There’s some bad blood between AEG and the City of Paris, both shareholders in SAE POPB, the management company of Accor Arena, and also the brand new Porte de la Chapelle Arena scheduled to open in 2023 in the North of the French capital.
In July of 2021, a call for tenders was launched to find an agency that would secure naming rights and other types of sponsorships for the new arena. AEG usually finds sponsorship opportunities for the buildings it operates through its own sponsorship division, but it is the law in France that a public company, such as SAE POPB, has to offer all aspects of its business in a public bidding process to any company out there that wants to apply.
AEG entered the bid with one of its own subsidiaries, but lost to Infront, a sports agency headquartered in Switzerland, which is part of the Wanda Sports Group. AEG went to a Paris court asking for an injunction (référé in France), which meant the court had to review the tender process and decide whether there were grounds to reopen the bid.
A few aspects had to be taken into account, while AEG reportedly provided the better offer in terms of the financials of future sponsorship deals, Infront came out in front on the technical criteria of the bid. Since Infront refused to make its financial details public in court, the judge asked that the protagonists share and work out the details internally.
Nicola Dupeux, the general manager of Accor Arena, told Pollstar that the entire situation would be reviewed in a board meeting this Thursday, May 12, and that the tender would be reattributed the following week.
He explained, that “in France, when you operate under public law, you need to do tenders for every [aspect of a business]. You cannot say, ‘because I’m a stakeholder in the arena, I should have this [part of the business, too].”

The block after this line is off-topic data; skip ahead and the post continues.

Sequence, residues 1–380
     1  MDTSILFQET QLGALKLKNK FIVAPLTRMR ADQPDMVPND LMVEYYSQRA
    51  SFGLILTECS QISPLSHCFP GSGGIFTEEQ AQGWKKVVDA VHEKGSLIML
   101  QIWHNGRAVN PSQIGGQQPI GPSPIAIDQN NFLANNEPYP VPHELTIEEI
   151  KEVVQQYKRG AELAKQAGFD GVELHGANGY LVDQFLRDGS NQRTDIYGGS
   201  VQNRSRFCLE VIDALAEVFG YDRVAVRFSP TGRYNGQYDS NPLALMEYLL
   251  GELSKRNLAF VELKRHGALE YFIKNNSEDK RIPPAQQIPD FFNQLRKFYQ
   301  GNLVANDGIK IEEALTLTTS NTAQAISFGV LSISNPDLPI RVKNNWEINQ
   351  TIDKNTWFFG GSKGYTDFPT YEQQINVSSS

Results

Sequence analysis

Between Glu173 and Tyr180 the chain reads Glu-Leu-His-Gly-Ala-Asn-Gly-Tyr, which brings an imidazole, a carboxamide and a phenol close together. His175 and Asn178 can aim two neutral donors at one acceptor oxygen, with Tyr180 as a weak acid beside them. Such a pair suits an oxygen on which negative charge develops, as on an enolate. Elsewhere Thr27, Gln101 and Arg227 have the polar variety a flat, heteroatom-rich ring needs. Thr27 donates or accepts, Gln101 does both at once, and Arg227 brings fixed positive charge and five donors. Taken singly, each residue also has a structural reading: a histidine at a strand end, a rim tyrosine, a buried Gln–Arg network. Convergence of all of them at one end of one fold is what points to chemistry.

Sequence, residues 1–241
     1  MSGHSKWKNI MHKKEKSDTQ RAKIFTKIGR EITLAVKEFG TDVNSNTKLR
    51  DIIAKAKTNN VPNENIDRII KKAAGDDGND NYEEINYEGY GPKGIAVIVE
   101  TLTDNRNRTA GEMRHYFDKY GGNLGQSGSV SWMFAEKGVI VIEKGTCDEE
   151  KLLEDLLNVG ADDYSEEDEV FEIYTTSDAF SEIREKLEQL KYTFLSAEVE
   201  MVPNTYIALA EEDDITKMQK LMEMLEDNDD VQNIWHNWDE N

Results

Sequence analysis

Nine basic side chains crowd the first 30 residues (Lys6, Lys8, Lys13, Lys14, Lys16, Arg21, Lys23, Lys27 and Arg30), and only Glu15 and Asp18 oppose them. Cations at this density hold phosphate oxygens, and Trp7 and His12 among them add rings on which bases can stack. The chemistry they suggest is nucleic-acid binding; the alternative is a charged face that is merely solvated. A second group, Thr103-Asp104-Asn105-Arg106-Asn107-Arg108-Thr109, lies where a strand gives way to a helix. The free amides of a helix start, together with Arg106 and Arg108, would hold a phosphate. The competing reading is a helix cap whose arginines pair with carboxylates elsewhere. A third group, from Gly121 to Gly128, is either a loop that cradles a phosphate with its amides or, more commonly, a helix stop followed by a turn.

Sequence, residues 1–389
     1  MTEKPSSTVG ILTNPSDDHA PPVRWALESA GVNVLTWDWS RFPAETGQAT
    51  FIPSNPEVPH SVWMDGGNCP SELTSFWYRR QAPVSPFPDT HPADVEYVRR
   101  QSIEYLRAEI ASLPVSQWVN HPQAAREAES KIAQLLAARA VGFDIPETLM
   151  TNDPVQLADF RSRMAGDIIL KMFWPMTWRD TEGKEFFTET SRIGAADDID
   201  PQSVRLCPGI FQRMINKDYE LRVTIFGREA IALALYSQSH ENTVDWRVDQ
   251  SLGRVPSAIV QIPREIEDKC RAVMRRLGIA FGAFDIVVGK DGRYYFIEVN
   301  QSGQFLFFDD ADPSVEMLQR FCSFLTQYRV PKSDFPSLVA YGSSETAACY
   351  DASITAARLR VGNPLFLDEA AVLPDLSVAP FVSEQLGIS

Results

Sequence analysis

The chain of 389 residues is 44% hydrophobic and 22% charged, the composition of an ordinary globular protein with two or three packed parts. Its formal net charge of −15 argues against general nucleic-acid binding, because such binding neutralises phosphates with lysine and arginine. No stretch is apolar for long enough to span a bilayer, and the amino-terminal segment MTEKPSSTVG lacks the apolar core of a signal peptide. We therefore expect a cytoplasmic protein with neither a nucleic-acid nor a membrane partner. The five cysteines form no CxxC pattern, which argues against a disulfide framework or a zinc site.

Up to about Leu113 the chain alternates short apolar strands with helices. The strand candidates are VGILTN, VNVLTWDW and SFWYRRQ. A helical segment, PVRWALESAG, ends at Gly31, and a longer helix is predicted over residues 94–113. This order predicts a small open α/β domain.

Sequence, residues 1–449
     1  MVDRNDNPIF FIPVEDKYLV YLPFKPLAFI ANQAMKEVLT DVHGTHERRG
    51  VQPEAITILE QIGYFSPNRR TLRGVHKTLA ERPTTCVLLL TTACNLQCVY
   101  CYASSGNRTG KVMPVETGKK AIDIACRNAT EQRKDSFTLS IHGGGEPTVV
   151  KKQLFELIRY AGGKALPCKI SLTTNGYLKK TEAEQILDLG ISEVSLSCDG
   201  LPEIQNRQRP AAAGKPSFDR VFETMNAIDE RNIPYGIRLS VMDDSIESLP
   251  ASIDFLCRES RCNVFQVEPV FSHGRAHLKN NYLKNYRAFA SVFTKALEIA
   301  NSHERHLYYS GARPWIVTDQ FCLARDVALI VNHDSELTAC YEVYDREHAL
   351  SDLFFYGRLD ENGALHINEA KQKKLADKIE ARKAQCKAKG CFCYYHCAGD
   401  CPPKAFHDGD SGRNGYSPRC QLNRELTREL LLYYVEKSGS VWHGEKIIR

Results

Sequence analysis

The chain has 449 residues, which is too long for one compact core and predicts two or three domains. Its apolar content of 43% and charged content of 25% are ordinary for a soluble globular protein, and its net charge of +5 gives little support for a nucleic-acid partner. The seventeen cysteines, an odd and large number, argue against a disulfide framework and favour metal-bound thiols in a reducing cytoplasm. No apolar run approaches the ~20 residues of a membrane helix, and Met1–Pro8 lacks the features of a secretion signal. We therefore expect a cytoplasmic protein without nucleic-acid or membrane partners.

The City of Paris, which holds the majority of the stakes in SAE POPB, reportedly hasn’t taken it lightly that its supposed partner AEG would go to court over the outcome of the tender.
AEG holds a minority stake of 48% in SAE POPB, which limits its overall influence in the running of Accor Arena, as well as the yet-to-open Porte de la Chapelle Arena. AEG would like to purchase a majority in SAE POPB, but insiders tell Pollstar there’s no chance the City of Paris would ever give up its majority.
The dispute has led to speculation and accusations by the City of Paris, that AEG was acting against its own interests to get its way. The City cites Celine Dion’s 2020 tour dates as an example. Promoted by AEG, the Paris dates were given to Paris la Defense Arena, not Accor Arena, which in AEG’s reasoning was owed to the simple fact that the former has a greater capacity of 40,000, twice the capacity of Accor Arena.
The Le Monde report states that while this is certainly true, the question remained why AEG only staged four concerts at Accor Arena in four years, when its competitor Live Nation filled the hall 110 times. “It’s as if AEG, instead of favoring the room it co-owns, carefully avoided it, in order to weaken it,” the translation reads.
Dupeux remains hopeful that the May 12 board meeting will allow both AEG and the City of Paris to clear the air. It remains to be seen whether AEG will take further action in light of the fact that the City of Paris won’t budge when it comes to its majority stake in SAE POPB.
AEG Europe declined to comment.